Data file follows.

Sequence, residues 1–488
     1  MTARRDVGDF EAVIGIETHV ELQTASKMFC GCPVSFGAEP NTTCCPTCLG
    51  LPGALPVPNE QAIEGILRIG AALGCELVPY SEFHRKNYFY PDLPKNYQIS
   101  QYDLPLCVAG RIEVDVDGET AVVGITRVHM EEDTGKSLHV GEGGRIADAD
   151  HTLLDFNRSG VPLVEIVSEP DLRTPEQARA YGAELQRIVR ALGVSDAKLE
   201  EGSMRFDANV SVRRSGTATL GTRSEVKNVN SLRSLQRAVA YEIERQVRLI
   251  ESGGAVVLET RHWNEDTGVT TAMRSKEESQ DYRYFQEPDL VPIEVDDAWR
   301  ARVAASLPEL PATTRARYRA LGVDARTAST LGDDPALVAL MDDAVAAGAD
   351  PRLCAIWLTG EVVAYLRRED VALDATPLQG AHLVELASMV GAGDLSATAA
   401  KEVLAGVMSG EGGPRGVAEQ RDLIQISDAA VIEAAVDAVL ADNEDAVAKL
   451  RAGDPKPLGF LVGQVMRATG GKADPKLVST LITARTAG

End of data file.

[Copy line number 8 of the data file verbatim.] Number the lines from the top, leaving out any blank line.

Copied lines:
   301  ARVAASLPEL PATTRARYRA LGVDARTAST LGDDPALVAL MDDAVAAGAD